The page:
The particular kind of neutrality associated with digital humanitarianism is quite dangerous. To be detached from the cause you claim to support, to spread information without quite asking what this does and, more importantly, to never quite find out where and how your money is traveling and to what end it is being used is an utter travesty.

    While Patrick Meier’s work claims the origins of digital humanitarianism with Haiti’s 2010 earthquake, I would argue that its origins are much older, and that sometimes the worst and best things always begin in Africa.

    Digital modes were first implemented during the creation, dissemination and promotion of the Save Darfur campaign, often projected as one of the most dire humanitarian crises, and even termed the “21st Century’s Genocide.”

    Reading Mahmood Mamdani’s singularly brilliant book on the subject, Saviors and Survivors: Darfur, Politics and the War on Terror, allows the reader to cut through the frenzy around Save Darfur with great rigor and precision. But Mamdani does not expressly speak of the ways in which the digital impacted activism around the conflict in Sudan. A significant portion of his work centers around his frustration with the highly curated commodification of Darfur, coupled with the way in which media and technology were used in this campaign. I believe there are three factors that turned this campaign into a specifically digital phenomenon: the strategic use of numbers; the image-centric nature of the entire campaign; and the targeting of youth. This is an indispensible triad if the intention is to popularize the cause or, actually, if you want it to “go viral.” Which it did.

    The Save Darfur campaign was marked by aestheticized images, the constant tick-tock of body counts and numbers of dead, and the incredibly successful mobilization of university students. The use of Google Earth, the world’s largest Facebook campaign and the video games such as Darfur is Dying (trailer below) were only pieces in the extraordinary digital machinery.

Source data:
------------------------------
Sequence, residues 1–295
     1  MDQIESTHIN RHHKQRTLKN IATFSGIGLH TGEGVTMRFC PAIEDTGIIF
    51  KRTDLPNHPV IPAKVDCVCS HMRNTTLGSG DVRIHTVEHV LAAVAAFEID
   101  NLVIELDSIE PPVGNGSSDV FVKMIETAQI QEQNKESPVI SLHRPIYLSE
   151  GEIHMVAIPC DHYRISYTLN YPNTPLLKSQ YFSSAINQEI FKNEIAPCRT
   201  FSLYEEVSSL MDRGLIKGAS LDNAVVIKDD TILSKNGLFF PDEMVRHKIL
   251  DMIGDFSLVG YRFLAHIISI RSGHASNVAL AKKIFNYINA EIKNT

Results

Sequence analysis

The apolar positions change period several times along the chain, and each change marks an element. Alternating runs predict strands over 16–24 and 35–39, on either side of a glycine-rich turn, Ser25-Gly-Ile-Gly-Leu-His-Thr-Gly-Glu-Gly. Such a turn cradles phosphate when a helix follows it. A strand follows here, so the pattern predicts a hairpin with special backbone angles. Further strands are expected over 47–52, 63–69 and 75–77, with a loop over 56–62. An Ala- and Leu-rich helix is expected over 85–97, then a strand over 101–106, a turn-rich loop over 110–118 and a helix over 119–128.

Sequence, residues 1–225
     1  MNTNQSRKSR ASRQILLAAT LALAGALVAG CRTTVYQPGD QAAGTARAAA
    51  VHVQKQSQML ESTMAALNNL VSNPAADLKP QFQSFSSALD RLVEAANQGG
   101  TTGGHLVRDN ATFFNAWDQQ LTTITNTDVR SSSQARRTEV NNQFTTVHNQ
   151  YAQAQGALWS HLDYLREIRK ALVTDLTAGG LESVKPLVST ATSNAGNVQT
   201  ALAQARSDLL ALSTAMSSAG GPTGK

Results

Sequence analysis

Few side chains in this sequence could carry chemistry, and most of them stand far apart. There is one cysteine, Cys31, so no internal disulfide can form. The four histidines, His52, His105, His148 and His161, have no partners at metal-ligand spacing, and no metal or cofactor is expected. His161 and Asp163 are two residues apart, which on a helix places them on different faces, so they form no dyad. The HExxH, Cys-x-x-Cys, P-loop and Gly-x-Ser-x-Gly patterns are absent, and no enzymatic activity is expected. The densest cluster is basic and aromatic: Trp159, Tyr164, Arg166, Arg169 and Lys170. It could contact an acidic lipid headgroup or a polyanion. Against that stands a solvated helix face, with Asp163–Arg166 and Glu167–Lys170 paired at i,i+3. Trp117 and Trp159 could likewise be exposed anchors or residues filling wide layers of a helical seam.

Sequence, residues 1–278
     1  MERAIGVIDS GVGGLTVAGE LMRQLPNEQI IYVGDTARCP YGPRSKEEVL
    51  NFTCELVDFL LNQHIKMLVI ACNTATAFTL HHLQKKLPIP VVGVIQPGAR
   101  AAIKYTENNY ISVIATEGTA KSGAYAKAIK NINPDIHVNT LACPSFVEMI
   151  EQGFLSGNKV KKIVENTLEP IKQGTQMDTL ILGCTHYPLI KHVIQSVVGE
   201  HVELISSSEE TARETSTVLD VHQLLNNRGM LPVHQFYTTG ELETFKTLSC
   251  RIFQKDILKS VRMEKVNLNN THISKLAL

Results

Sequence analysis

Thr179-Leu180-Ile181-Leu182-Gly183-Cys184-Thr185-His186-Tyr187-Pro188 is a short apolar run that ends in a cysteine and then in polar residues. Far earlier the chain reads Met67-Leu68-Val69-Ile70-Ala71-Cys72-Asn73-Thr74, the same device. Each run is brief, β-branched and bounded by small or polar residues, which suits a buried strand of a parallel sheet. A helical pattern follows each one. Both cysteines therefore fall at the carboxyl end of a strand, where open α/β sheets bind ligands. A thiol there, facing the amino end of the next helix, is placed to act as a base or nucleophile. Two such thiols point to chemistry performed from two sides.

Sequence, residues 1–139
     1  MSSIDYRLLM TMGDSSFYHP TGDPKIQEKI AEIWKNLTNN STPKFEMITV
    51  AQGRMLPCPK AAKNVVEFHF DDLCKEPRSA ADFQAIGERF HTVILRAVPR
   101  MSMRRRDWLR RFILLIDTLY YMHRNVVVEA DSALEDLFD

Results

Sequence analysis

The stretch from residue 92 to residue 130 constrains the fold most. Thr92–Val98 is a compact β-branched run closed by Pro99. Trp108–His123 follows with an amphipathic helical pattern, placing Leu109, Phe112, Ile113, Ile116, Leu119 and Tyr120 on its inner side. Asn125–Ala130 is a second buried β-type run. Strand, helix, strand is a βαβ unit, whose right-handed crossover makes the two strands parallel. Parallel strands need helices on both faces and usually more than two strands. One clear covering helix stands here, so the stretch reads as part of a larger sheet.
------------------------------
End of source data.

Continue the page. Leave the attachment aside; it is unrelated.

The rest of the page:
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  10. a broad survey of on-demand workers found that many encountered lower pay than they expected and hours tied tightly to periods of peak demand. They discovered they had to work earlier or later than they expected, and longer hours in general, because the systems weren’t as flexible as they assumed. The upshot: people are leaving on-demand work after finding out the promised advantages over traditional jobs don’t hold up.

    And this dissatisfaction could wind up being a big problem for Silicon Valley.

    Half of the respondents said they planned to stop working for on-demand companies within the year.

    An overwhelming majority of respondents—75 percent—said their top reason for doing on-demand work was because they thought it offered “greater schedule flexibility.” Yet nearly half of respondents said “peak hours and demand” was the most significant factor dictating when they worked. (“Family” came in second at 35 percent). Many workers didn’t end up straying too far from a traditional 9-to-5 schedule because this was when demand tended to be high. Inflexible schedules were a particular problem in ride service work.

    Still, insufficient pay, not scheduling, turned out to be the most common reason workers left their jobs. In fact, the likelihood of respondents staying in the job or leaving was directly tied to their earnings, which varied depending on the type of on-demand job.